From Juliana Taiwo-Obalonye, Abuja

In an effort to provide Nigerians with value for their money, the Federal Government, yesterday, unveiled a new pay satellite television service to serve as alternative to existing ones.

Secretary to the Government of the Federation (SGF), George Akume, made the declaration at the official launch of an indigenous Nigerian satellite television, Silver Lake Television (SLTV) at the Shehu Yar’Adua Centre, Abuja, noting that the establishment of the outfit is in line with the desire of Nigerians to “reap from the bountiful harvest awaiting investors in the Nigerian economy.”

The SGF praised the proprietors of the company, Metrodigital Limited, for what he called their patriotic action in installing the satellite television, saying: “It is becoming very clear we are on the right path to our collective recovery and prosperity. This is our country; the only one we can truly call our own and we must fix it by ourselves.”

“In recent times, Nigerians have been yearning for alternatives to Satellite Pay Tv that can serve as an alternative to the existing ones. SLTV has responded very loud and clear and from the information made available to me, they are willing to give their fellow compatriots real value for their money in terms of service quality and affordability.

“It is gladdening that Metrodigital recognises the fact that the Federal Government has demonstrated an unwavering commitment through robust policies and legal frameworks to promote free competitive and responsible broadcasting service in Nigeria, devoid of any form of monopoly and unfair market practices in the broadcast industry in line with the determination of the administration of President Bola Tinubu, to turn the Nigerian economy around.

“Since his ascendancy as the president of Africa’s most populous nation, the president has made enormous policy changes in his quest for economic recovery, one of the results being the reason we have gathered here today.

“Nigeria is an opportunity that is impossible to replicate or find elsewhere in any part of the world. The Federal Government wishes to assure the management of SLTV of her full backing as they continue to do legitimate business in the broadcast industry of Nigeria.”

Managing Director of Metrodigital Limited, Ifeanyi Nwafor, regretted that the growth of pay TV in Nigeria had been hampered by policies and legal frameworks that encouraged monopoly.

He, however, said his firm was encouraged to invest because the government had started to take positive steps to address the concern.

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“The pay TV industry in Nigeria has not actually witnessed a robust and accelerated growth since inception as witnessed in other places. The reason is as a result of the policies and legal frameworks that shape the practice and attitude of the industry participants. This allowed the dominant players to introduce monopolistic practices that over the years prevented innovation, growth and led to poor quality of service delivery.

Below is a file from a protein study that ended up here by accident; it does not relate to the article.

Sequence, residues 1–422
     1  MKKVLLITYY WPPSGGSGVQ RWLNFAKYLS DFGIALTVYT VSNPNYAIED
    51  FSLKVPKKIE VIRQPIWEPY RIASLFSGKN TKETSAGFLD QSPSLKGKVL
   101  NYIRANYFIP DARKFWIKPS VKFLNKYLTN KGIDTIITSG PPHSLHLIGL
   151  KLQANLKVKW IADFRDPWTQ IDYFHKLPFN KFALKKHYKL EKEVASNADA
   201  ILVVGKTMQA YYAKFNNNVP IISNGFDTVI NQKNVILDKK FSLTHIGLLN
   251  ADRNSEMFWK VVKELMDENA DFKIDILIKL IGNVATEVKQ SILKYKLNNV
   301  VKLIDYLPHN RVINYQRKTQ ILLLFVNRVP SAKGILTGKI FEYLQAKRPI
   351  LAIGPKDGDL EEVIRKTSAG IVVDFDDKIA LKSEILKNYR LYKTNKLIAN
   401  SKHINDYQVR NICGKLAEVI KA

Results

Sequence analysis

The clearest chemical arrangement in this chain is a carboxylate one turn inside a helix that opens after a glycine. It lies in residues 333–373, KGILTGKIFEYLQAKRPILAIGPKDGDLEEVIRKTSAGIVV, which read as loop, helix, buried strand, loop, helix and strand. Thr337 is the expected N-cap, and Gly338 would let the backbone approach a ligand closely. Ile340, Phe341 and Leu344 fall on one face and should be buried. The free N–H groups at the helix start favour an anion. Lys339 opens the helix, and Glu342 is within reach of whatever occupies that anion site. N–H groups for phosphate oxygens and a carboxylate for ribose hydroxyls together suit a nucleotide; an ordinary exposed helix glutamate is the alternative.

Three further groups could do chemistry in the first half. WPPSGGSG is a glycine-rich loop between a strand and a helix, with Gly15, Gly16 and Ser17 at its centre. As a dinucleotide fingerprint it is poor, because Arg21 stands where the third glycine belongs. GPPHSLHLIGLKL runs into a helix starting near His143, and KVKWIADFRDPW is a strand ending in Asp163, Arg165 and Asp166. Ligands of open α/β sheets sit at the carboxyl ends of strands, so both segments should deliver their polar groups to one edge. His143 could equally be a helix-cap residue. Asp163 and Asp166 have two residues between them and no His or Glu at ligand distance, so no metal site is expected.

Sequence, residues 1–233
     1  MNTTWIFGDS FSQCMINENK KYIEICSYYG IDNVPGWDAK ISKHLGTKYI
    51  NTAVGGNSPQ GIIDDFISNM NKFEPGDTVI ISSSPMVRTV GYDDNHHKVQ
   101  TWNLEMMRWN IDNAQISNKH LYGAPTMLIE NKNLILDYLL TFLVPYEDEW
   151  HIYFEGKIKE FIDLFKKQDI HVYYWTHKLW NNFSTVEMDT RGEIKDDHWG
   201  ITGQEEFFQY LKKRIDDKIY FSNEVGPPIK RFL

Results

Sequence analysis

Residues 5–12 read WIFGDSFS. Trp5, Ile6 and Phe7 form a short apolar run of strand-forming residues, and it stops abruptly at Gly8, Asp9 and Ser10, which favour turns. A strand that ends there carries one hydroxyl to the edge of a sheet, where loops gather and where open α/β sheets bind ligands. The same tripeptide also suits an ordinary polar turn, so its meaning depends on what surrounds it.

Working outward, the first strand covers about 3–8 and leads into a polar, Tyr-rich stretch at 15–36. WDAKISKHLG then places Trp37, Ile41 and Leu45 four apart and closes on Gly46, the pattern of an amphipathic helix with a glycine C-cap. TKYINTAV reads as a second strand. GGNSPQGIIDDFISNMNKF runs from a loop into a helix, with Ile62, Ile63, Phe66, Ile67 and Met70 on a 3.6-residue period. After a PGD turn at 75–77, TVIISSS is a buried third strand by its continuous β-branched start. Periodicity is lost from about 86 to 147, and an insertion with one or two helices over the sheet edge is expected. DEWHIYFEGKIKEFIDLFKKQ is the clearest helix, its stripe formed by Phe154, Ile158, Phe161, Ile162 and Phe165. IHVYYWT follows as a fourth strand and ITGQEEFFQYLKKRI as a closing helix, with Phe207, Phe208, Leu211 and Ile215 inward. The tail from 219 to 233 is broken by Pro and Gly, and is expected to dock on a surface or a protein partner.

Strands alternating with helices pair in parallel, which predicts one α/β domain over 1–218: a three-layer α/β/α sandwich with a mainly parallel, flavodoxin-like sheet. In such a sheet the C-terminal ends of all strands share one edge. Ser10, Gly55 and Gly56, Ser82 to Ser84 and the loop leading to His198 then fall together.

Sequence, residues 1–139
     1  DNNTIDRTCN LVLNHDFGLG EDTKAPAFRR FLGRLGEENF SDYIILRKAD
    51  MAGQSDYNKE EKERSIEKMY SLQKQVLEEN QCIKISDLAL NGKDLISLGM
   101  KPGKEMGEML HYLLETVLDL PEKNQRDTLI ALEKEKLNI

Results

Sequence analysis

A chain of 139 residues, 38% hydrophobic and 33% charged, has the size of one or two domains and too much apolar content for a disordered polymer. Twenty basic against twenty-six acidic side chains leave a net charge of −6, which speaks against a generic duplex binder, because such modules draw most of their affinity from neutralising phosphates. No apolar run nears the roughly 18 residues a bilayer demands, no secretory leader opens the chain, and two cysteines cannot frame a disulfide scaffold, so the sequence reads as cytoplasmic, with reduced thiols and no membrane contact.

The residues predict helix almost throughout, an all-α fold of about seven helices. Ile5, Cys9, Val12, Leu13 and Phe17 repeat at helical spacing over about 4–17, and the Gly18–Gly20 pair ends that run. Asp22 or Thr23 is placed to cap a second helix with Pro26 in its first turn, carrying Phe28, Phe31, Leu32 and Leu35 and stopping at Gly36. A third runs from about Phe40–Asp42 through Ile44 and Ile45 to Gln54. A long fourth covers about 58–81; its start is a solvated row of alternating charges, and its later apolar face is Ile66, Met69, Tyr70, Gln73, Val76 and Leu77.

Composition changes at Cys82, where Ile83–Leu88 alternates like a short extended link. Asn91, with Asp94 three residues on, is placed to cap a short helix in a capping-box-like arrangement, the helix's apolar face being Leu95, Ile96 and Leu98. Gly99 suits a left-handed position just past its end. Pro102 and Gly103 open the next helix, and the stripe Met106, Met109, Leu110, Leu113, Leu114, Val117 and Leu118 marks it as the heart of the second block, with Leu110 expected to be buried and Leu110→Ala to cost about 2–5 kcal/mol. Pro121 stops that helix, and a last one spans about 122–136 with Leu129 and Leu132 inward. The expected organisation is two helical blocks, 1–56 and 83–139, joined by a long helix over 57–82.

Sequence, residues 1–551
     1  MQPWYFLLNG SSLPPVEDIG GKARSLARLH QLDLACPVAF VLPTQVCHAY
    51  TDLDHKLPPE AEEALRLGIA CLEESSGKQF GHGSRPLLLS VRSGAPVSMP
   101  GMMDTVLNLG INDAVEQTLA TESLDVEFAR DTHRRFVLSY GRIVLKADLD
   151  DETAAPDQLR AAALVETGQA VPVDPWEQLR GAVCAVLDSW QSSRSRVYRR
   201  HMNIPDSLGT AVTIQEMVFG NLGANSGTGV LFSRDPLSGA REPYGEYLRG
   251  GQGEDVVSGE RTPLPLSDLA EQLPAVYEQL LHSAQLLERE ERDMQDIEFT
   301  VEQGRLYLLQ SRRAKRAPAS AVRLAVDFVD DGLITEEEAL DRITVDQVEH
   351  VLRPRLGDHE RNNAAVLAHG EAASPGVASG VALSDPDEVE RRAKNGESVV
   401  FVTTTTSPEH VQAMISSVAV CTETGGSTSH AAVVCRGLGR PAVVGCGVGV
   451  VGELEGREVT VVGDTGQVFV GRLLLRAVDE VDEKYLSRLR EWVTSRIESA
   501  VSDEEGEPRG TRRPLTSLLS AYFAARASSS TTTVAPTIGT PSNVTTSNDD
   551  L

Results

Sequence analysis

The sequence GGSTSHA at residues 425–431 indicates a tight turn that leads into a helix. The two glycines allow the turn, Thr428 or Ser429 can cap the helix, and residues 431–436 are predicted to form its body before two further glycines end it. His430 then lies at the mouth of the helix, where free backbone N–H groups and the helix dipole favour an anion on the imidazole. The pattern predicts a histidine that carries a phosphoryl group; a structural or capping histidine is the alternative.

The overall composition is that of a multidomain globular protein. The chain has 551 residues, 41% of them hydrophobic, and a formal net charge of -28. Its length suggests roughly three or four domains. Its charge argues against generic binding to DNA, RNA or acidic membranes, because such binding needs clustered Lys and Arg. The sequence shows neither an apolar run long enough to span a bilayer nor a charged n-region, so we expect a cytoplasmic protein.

“It is, however, gratifying that in the last few years, the Federal Government took the bull by the horn and addressed some of these underlying problems,” Nwafor said.

Fielding questions from newsmen at the ceremony, Director General and Chief Executive Officer of the Nigerian Broadcasting Commission (NBC), Charles Ebuebu, disclosed the commission would consider the call by Nigerian pay satellite television subscribers for the introduction of pay-per-view options.

He, however, said that would mean re-negotiating the contracts already entered into by the content providers.

“Definitely, if it is applicable, it will be considered. The issue is this, sometimes those discussions also need to start from when the content is acquired, because usually the traditional method of acquisition of content is that you license per month or annually, based on a 30 window.

“So, if you are going to have to do a pay-per-view, you have to go back and negotiate it. Definitely, we do acknowledge in some instances, in other jurisdictions, some of those models come under different names really applicable so we are also looking into it as a regulator,” he said.

Ebuebu assured that the commission would look into the area of overpricing of content even as he affirmed the general economic situation in the country affects all sectors of the economy.

The NBC director general and chief executive officer said: “There are two sides to that coin; the first part to it is that with the current economic situation of the country, inflation and all of that, it is not just broadcasting that is affected, all businesses are affected, so when you have prices being reviewed upwards, it is not located only within the broadcast sector.

“However, we do acknowledge fact that in some cases there have been exploitation in certain areas and we are looking at it, like I said, we are reviewing our policies and regulations to create a viable competitive ecosystem in broadcasting where the consumers will be the ones who will have to choose and therefore, market forces determined prices and it is not exploitative.”